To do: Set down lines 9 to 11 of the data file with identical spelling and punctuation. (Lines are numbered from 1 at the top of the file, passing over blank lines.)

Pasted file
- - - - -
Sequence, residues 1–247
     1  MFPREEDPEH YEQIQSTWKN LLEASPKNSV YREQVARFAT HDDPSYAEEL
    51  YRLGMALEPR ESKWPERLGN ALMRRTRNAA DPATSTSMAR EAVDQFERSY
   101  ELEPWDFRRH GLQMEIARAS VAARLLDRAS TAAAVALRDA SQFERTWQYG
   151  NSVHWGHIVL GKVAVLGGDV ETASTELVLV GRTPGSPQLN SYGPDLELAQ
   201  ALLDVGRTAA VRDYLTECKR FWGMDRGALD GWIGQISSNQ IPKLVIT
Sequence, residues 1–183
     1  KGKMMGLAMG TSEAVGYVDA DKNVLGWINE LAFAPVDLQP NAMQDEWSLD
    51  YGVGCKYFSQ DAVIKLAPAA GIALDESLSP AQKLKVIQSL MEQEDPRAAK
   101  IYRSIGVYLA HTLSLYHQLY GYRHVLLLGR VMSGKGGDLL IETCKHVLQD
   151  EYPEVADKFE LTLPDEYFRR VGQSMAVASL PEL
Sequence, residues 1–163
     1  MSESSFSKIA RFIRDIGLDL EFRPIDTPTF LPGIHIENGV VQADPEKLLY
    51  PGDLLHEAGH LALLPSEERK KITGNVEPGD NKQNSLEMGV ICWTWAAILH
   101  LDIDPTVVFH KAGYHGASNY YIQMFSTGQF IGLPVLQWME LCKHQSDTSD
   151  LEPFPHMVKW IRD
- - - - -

    51  YGVGCKYFSQ DAVIKLAPAA GIALDESLSP AQKLKVIQSL MEQEDPRAAK
   101  IYRSIGVYLA HTLSLYHQLY GYRHVLLLGR VMSGKGGDLL IETCKHVLQD
   151  EYPEVADKFE LTLPDEYFRR VGQSMAVASL PEL